Plastics purge

BPA. Phthalates. Dialates. Mercury in Fish. Dangerous flame retardant chemicals in Carseats. Lead paint in toys. Recalls. There’s always some new study or news story that whips us into a state of fearful frenzy. Not to minimize the very real research and concerns, but contrary to media hype, we have known this stuff for quite awhile, the information and studies have been out there. Twisted and sad that it takes some major media and parental consumer freak-out to begin to change the product market and consumeristic behavior. It’s not just what we don’t know that can hurt us, but what we don’t know enough about. I tend to be pretty research minded, I do a ton of information gathering from multiple angles before purchasing most of the things we get. That’s just me, and I realize what we are talking about here is a Behavior- people have to want to look closer at their consumer-based choices than accepting the marketing that is out there. To change a behavior, there often times needs to be a strong motivation to go beyond the accepted easy norm, and unfortunately in our society it often times takes fear to be the required factor to instigate that change. We are both a consumer-based society and a fear-based society, so no real surprise those two often go hand in hand. And sadly that often leaves consumers in a state of uncertain nerve-wracking frustration filled with the feelings of powerless anxiety in a seemingly ever-increasing threatening world where we don’t know truth from pretense. That is applicable to both sides of the coin.

I know I have talked before about being very choosy with kid’s products and toys, how we avoid plastic and battery operated toys. That doesn’t mean that they don’t sneak into our house or we overlook an area because the easily available products we are in need of. Sometimes we just don’t take the time or concern to think and research as deeply as we should. Other times it just takes a bit effort more to make the better choice actually happen. I have said in a previous post how I want to move to glass baby bottles. Yea, still haven’t acted on that one. And in all truth, my kids drink out of plastic pretty much 100% of the time. I didn’t really think that through until this week. They always drink out of plastic. Obviously now the hype about BPA’s and Phthalates and leaching chemicals from plastics is in full swing. Not to mention Plastics are a petroleum-based product and have a pretty awful life cycle (even when recycled, er, down-cycled). Obviously there are better options- options that have been on the Oh yea, I should get these kids some better bottles list in the back of my head. Matt and I sat down and did a few hours worth of research on better alternatives last night. We tried to sift past the hype, the overblown information being shoved at parents, and the biased information the better options are putting out to market their products. I thought I would post some here.

Basically, we looked at 4 products: Nalgene bottles, which we have used since high school (so like 12 years, before they were all the rage), Sigg Aluminum bottles (which are all the rage right now, unavailable from their website due to the huge volume of demand), Klean Kanteen, a stainless steel bottle (also the rage, also out of stock, and being redesigned with ‘kool kolors’) and Thinksport, a lesser-known double-walled stainless bottle.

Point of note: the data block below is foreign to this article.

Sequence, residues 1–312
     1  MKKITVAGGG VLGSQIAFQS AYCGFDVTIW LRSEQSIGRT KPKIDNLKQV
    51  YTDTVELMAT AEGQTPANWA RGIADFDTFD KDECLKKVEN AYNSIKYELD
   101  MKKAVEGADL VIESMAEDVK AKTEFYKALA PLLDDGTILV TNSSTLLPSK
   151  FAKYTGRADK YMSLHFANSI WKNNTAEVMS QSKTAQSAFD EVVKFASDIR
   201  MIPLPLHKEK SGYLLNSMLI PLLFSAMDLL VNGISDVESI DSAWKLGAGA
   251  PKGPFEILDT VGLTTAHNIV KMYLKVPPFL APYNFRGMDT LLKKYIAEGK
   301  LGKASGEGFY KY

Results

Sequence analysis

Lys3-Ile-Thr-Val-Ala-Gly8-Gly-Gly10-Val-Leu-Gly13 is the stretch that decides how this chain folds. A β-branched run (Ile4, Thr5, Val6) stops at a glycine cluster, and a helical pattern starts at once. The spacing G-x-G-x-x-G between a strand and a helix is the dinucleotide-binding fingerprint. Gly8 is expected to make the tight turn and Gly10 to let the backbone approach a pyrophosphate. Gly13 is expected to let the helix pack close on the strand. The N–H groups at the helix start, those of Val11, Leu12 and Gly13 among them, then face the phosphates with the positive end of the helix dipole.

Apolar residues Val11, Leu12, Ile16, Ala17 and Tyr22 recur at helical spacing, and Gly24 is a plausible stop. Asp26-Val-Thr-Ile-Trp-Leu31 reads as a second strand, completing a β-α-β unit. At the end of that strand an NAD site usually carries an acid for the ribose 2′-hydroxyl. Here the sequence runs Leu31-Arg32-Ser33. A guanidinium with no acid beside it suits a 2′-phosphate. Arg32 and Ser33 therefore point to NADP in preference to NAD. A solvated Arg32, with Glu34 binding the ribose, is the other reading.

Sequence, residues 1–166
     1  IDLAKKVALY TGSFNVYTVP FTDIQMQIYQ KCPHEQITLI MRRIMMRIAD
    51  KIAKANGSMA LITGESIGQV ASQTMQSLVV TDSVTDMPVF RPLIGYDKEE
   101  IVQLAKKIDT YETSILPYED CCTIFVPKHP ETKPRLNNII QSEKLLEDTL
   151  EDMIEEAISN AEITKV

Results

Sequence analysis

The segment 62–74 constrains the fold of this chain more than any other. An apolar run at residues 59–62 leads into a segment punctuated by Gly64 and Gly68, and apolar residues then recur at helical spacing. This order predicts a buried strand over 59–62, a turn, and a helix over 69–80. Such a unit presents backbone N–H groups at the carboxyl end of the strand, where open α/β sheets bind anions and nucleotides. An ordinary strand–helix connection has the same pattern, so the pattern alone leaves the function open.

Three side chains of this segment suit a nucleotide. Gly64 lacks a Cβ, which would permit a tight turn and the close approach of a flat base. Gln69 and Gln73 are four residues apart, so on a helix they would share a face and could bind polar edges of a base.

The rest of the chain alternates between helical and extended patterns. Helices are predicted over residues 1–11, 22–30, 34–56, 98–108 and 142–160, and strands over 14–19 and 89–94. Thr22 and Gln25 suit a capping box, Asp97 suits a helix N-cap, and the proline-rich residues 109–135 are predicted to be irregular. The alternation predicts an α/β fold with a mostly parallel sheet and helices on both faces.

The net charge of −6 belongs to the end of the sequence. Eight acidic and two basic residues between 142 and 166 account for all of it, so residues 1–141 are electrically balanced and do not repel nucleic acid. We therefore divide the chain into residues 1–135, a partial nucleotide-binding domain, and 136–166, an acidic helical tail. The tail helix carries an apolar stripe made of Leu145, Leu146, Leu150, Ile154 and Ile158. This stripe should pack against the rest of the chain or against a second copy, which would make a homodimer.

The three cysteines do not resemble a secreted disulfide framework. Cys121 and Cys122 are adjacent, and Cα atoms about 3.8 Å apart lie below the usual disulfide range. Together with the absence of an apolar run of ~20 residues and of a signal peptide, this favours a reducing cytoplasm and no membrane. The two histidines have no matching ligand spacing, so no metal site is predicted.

Nalgene‘s were originally developed as Scientific and Laboratory containers then in the 90’s broke into the sporting goods market. Their bottles are made out of both HDPE and Lexan. Lexan is a clear polycarbonate plastic material that is currently in contention of leaching chemicals (mostly BPA’s) into the liquids. Nalgene denies that the quantity leached from their products posed a significant threat to health and claims these chemicals are only potentially released from Nalgene products when used at temperatures outside of the designed range. So if you put them into the dishwasher (which we do) or expose them to UV Radiation (which we do if we go outside) or let liquids sit in the containers for an extended period of time (which happens) or put liquids with a higher acidic content like juice or soda (which we do), then you increase the likelihood chemicals can leach into the bottle’s contents. Just this month, REI has removed all Nalgene polycarbonate water bottles from shelves and replaced them with BPA-free Nalgene bottles. The removed bottles were the Lexan Bottles– hard, clear, multi-colored plastics (exactly the kid sippy cup style we have for our girls and use all the time). Nalgene also still makes the original Polyethylene versions of their products (the HDPE materials which are supposedly free of these chemicals) and are a more flexible plastic, translucent or milky rather than clear, and have a #2 triangular recycling symbol on the bottom (opposed to the #7 on the Polycarbonate). Nalgene has taken a pretty hard hit and will be phasing out the Lexan material by the Fall. Regardless, it is suggested with any kind of plastic bottle the leaching occurs most during initial use and after prolonged use, it is suggested to replace a plastic bottle every 6 months and not wash it with harsh abrasive chemicals or bleach. 6 months doesn’t seem like a very long use cycle, we have some Nalgenes we still use from College, but they along the sippy cups are Lexan and getting phased out of our house. More info HERE, HERE, and HERE